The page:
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I LOVE Cypress Trees!  Some day I will take a photo that expresses what these trees mean to me.  Until then, you will have to suffer through my drafts.

What a wonderful day!  Who needs sun and 80 degree temperatures, when you can have champagne air and hot chocolate?

The CCC’s San Francisco Favorites #6: The Winter Weather

Or, should I say the lack of it.  In February, when much of the nation is entrenched is sub-zero temperatures, ice-covered side walks, and multiple layers of foul-weather gear, SF-Bay Area folks head to the beach.  One of our favorites is Pescadero State Beach in Half Moon Bay. Thirty miles south of SF, Half Moon Bay is the quintessential sleepy NorCal coastal town.  A lovely drive down Route 1 with the grand Pacific beside you, Half Moon Bay is a perfect day trip for locals, tourists, and of course, our furry friends.

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Miles the Dog on his way to Half Moon Bay.  A dog is never happier than when his head is hanging out a car window.
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A walk along the wild (flower) side.  Thanks to El Nino, the wildflowers are gorgeous this year. These are evening primrose growing like crazy in a field of brussle sprouts.
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The cliffs at Pescadero are made from sandstone that is more than 20 million years old.
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Waves crashing. At low tide, you can explore the many tide pools.
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The CCC in her rightful place: enjoying a picnic and Prosecco.  We had the most delicious goat cheese covered in truffles: Il Caprino del Piemonte. Turns any trip to the beach into a special occasion.
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Not my best cocktail photo but this Nino Franco prosecco merits attention.  Lots of green apple and honey while still being crisp and dry.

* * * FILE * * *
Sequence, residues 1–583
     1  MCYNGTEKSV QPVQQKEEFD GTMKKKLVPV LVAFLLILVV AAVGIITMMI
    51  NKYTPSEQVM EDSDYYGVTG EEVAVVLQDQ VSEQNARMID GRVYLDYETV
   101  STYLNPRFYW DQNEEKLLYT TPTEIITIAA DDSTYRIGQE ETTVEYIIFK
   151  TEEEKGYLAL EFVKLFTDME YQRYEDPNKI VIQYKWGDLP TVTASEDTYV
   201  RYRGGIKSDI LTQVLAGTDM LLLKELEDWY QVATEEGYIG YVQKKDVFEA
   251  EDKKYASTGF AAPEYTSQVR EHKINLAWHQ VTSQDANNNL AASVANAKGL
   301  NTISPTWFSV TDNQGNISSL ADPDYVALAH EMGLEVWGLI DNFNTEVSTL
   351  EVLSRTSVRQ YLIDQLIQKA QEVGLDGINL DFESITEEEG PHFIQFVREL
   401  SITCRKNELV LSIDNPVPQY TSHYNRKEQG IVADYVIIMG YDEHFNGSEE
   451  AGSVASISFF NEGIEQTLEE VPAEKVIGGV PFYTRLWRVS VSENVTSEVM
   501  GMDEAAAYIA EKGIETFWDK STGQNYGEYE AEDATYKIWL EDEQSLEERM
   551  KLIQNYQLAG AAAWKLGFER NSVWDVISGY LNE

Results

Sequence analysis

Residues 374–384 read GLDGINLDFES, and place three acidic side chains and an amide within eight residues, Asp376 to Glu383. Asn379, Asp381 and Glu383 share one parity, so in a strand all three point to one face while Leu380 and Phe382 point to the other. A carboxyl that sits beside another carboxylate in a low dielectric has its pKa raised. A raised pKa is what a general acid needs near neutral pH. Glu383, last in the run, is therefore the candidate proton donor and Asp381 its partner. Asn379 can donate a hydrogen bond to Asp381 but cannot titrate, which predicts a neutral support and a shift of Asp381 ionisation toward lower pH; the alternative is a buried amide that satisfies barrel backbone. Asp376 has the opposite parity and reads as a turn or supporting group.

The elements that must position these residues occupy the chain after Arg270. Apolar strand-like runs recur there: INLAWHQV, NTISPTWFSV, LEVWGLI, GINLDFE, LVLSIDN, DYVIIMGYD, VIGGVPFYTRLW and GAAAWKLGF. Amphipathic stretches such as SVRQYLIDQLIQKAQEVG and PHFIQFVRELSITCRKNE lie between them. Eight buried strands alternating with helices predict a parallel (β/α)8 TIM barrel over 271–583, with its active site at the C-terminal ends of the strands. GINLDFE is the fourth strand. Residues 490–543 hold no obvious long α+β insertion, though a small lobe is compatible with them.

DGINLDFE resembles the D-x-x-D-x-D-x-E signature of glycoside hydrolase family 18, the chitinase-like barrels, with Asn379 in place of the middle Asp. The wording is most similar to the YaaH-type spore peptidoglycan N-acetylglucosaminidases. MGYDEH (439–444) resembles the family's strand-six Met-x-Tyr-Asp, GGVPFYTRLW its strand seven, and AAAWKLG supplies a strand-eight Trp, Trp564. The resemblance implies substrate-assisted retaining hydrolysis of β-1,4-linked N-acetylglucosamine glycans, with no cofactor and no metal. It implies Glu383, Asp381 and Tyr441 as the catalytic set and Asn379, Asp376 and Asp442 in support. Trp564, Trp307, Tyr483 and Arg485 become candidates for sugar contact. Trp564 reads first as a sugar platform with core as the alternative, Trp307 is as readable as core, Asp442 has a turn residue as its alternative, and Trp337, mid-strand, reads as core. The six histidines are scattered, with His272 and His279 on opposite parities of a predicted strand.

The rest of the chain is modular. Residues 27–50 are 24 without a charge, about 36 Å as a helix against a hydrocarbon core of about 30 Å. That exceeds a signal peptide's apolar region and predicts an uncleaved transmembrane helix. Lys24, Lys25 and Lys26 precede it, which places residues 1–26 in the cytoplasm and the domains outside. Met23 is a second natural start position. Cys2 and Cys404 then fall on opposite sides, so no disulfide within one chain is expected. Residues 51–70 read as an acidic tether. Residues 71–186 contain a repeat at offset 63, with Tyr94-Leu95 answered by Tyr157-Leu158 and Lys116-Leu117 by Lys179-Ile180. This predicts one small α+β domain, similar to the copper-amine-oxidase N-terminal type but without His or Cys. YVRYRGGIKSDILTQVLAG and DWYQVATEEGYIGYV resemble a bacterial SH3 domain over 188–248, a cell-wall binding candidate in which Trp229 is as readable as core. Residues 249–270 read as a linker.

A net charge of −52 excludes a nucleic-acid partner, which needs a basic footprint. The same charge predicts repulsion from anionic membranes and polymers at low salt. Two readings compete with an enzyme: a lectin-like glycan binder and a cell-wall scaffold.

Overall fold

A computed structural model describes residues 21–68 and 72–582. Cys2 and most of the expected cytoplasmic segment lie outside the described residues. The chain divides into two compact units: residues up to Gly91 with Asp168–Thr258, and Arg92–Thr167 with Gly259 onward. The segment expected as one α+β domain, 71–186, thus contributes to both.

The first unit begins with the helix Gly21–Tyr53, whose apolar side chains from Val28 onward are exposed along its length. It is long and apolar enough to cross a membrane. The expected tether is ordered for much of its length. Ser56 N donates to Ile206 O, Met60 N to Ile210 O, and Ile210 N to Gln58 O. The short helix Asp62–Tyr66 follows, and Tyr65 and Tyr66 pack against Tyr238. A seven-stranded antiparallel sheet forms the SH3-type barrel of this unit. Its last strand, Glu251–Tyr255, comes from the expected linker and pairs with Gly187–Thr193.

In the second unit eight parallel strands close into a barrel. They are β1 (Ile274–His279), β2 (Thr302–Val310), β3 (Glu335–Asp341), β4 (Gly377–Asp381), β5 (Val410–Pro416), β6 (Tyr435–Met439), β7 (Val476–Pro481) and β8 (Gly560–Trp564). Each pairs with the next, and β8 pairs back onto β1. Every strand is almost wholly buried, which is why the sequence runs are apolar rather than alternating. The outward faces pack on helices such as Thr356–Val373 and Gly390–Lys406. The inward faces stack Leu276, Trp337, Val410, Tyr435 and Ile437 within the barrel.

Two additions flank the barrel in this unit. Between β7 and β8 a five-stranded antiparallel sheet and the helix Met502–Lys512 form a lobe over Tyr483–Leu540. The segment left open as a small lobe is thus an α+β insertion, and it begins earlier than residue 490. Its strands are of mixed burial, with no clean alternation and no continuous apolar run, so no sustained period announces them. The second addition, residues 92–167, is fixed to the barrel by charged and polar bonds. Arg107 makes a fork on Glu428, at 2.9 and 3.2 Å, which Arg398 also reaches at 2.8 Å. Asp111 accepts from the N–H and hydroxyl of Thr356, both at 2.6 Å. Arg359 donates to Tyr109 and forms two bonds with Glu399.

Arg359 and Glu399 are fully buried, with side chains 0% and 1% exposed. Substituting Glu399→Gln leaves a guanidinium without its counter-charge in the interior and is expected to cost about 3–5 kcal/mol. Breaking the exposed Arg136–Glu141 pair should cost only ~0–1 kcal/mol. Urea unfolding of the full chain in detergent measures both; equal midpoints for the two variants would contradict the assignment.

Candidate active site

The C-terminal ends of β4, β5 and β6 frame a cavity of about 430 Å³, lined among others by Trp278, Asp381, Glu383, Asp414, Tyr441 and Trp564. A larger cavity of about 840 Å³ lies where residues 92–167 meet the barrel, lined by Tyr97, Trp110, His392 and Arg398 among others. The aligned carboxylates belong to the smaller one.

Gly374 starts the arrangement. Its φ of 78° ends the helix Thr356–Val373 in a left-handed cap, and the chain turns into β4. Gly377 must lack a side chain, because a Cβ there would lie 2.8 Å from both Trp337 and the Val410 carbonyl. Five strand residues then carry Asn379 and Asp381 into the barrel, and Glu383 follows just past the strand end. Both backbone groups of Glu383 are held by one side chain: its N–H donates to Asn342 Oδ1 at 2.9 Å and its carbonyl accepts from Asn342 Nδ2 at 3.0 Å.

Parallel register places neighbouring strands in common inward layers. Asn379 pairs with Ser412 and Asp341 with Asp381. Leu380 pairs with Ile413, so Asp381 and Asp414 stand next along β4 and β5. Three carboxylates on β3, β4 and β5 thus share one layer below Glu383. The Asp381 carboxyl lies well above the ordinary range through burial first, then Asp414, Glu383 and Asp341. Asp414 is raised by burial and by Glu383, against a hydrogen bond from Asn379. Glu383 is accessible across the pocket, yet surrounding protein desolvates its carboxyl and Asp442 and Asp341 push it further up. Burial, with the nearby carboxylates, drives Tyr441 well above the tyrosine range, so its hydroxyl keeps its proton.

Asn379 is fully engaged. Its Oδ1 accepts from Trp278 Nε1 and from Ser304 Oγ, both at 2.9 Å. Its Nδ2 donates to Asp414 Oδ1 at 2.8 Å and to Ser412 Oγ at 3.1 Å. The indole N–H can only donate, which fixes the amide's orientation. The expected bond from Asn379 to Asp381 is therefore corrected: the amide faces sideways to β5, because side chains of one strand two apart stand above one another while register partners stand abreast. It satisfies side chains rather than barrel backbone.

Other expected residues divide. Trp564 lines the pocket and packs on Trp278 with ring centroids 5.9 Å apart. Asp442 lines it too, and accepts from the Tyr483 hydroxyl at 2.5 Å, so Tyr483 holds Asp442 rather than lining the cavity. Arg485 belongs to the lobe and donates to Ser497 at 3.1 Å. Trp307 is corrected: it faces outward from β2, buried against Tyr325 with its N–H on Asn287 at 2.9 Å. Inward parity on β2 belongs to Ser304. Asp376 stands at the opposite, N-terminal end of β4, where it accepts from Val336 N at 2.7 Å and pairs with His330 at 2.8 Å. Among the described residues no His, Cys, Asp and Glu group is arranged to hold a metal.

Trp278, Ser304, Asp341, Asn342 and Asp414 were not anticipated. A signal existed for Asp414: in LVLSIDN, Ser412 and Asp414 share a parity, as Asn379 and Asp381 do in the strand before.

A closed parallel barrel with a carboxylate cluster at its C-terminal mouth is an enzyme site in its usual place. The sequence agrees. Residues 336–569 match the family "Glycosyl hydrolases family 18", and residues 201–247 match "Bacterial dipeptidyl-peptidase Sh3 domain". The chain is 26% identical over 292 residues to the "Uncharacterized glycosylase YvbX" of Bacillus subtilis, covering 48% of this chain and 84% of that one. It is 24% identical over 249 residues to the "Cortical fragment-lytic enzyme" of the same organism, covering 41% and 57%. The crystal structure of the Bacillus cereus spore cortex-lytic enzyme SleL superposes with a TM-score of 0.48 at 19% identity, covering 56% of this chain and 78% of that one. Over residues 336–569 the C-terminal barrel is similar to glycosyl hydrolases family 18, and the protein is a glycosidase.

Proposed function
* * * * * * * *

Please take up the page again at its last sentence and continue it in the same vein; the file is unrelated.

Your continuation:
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A happy pup. Dogs must be on a lease at all times at Pescadero.
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The view from the bluff.  Another delightful winter day in the SF-Bay!

The CCC’s San Francisco Favorites #5: Hog Island Oyster Farm with Sandy and Jim

Numerically speaking, this San Francisco Favorite is #5 but really the Hog Island Oyster Farm in Marshall, CA is the CCC’s Number One San Francisco Favorite.   Located 50 miles north of SF in beautiful Marin County, the Hog Island Oyster Farm is most special to me.  In my two decades of living in San Francisco, no place holds so many joyful, delicious, and occassionally silly memories. (Ask my husband, Brian, about the time I offended a lady over the oysters she ate in Las Vegas. I didn’t mean to be snooty.)  There is no better place than Hog Island for savioring freshly shucked oysters while you sip a glass of champagne and soak in the sun (I’m not meaning to be snooty. 🙂 ). Truthfully, there is nothing snooty about Hog Island Oyster Farm: rustic picnic tables overlooking Tomales Bay with the hills of Tomales Bay State Park in the background.  It’s an idyllic locale perfect for appreciating the good things in life with your friends and loved ones. If you are a tourist, Hog Island is a great place to observe us local folks engaged in our Northern California lifestyle, that is, eating oysters and drinking champagne (we don’t mean to be snooty).

Recently, I was thrilled to bring my wonderful friends, Sandy and Jim, to Hog Island. They are no strangers to the NorCal lifestyle or the good things in life. (And, they are absolutely NOT snooty!)

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Sandy, a fellow nurse practitioner, world traveler, and good friend for over 20 years, looking glamorous and ready to enjoy some of Hog Island’s very best. I don’t know how Hog Island is able to raise an oyster that is both briney and buttery. Fabulous.
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The secret to a great Hog Island day is to bring a picnic. You are allowed to bring anything you want, except the oysters which you must buy from the Farm. You can purchase them shucked or shuck them yourself (much cheaper).